Update: The United States’ 18th Space Control Squadron has confirmed that the spent rocket stage re-entered the atmosphere over the Atlantic Ocean away from any land at 11:33am ET today, May 11, 2020.
A large Chinese rocket is projected to crash somewhere around the Earth tomorrow; odds have increased that it would do so somewhere around the United States or its adjacent waters.
While the United States has been busy preparing to launch humans from U.S. soil again, China has been actively preparing to do the same. On Tuesday, China launched their heavy-lift Long March 5b rocket, carrying a test model of a next-generation Chinese crew capsule to space. The large 176 foot tall rocket, featuring 10 main engines, lifted off from the Wenchang Satellite Launch Center on Hainan Island in southern China. While Hainan Island features Sanya and several high-end ultra-luxury resorts, it also is home to secretive military bases and the spaceport.
The Long March 5, developed by the China Academy of Launch Vehicle Technology, roughly matches the capabilities of American rockets like the ULA Delta IV Heavy and the SpaceX Falcon Heavy. The massive rocket that was used to bring the GOES-R and GOES-S weather satellites to orbit was a ULA Atlas V; despite it’s size, it’s considerably smaller and less powerful than the Long March 5.
The Wenchang facility on Hainan Island allows launch vehicles to soar over the South China Sea; previous launches lifted-off from inland launch facilities, forcing used rocket stages to fall onto land. Previous rocket stages have crashed into people’s homes in China. In the United States, such launches lift-off from launchpads near water, allowing spent rocket stages to tumble back to the ocean. Prior to such an event, NASA in partnership with local government agencies, put the projected splash-down area as a “no-fly” / “no-boat” area until the debris is safely down.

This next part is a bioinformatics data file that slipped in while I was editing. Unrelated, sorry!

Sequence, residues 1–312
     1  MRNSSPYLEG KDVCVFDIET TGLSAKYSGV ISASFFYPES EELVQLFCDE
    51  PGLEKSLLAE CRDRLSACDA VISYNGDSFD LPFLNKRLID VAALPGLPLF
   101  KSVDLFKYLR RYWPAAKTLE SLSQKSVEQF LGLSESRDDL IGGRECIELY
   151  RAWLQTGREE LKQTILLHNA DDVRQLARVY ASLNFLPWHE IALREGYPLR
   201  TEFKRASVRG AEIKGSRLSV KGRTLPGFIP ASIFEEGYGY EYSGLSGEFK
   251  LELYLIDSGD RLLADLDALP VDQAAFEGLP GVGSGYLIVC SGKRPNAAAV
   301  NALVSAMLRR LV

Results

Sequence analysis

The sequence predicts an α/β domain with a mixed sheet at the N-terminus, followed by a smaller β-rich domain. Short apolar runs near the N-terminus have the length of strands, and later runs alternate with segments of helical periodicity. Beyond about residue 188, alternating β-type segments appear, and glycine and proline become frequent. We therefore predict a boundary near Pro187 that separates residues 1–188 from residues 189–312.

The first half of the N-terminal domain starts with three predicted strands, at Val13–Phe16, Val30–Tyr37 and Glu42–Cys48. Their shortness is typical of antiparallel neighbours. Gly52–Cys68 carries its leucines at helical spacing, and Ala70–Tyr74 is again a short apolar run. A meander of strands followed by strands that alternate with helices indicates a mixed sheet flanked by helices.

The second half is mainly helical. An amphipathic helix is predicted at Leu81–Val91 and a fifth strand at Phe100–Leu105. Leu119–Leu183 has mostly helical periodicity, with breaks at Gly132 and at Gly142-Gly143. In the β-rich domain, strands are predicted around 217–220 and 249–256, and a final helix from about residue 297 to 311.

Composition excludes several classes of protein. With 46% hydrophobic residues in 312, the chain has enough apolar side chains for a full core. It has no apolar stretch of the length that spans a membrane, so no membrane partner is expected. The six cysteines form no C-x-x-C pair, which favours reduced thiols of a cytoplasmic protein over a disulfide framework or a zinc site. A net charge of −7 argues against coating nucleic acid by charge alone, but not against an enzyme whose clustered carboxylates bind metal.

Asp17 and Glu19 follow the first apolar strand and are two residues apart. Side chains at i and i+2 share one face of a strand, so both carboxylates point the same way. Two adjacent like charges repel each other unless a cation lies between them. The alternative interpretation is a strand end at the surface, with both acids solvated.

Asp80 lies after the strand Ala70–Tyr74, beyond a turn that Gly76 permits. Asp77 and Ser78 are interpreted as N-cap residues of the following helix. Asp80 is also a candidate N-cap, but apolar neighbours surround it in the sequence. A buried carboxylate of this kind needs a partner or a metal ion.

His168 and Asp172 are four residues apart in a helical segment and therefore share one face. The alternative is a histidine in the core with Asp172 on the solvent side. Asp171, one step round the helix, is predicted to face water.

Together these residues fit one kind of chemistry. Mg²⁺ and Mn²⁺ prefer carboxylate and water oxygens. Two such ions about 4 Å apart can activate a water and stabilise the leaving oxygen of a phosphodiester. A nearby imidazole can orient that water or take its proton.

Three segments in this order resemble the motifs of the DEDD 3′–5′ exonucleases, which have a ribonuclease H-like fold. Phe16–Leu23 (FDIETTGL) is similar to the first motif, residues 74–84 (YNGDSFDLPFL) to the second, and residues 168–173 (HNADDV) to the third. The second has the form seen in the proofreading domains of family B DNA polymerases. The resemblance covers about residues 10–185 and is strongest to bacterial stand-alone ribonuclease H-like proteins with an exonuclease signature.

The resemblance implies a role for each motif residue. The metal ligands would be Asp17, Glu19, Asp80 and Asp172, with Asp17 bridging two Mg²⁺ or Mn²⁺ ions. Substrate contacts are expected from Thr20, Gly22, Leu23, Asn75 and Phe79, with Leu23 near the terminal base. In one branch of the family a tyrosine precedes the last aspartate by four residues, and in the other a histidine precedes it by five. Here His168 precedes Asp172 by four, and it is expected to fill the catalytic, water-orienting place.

However, it appears the spent Long March 5 main stage will tumble back to Earth in an uncontrolled manner, potentially threatening some location on the planet with an impact. While experts believe much of the large spent rocket stage will burn-up upon re-entry, it is possible some parts of it, such as its massive motors, may survive re-entry and impact Earth. The spent rocket stage is roughly 100 feet long by 16 feet wide. This is approximately the same size as 4 school buses, parked 2 by 2.
Aerospace Corporation is tracking the falling space debris. In March of 2018, Aerospace also tracked a falling Chinese space station. It eventually crashing into the ocean. Because the spent rocket is returning to Earth in an uncontrolled manner, experts are not completely certain where it will fall. A projection shared by Aerospace Corporation yesterday suggested a re-entry could happen near South Africa. Today, the estimate has shifted to an area between Hawaii and California. However, that location can change too, with impact possible under anywhere the debris is currently orbiting. In the latest forecast, impact could happen within 7 hours tomorrow of 12:38pm ET, 9:38am PT, and 6:38am HT. With a 7 hour window, that means it could fall as early as 5:38am ET, 2:28am PT, or 11:38pm tonight HT; it could also fall as late as 7:38pm ET, 4:38pm PT, and 1:38pm HT.
The U.S. Space Force is tracking the falling Chinese rocket. Created in December, the U.S. Space Force has been busy. Just weeks ago, the U.S. Space Force was tracking Russian assets that were deployed to destroy satellites in space. If an entity in space or tumbling from space were to threaten U.S. interests, they’d work in partnership with other military branches and government teams to respond to the threat.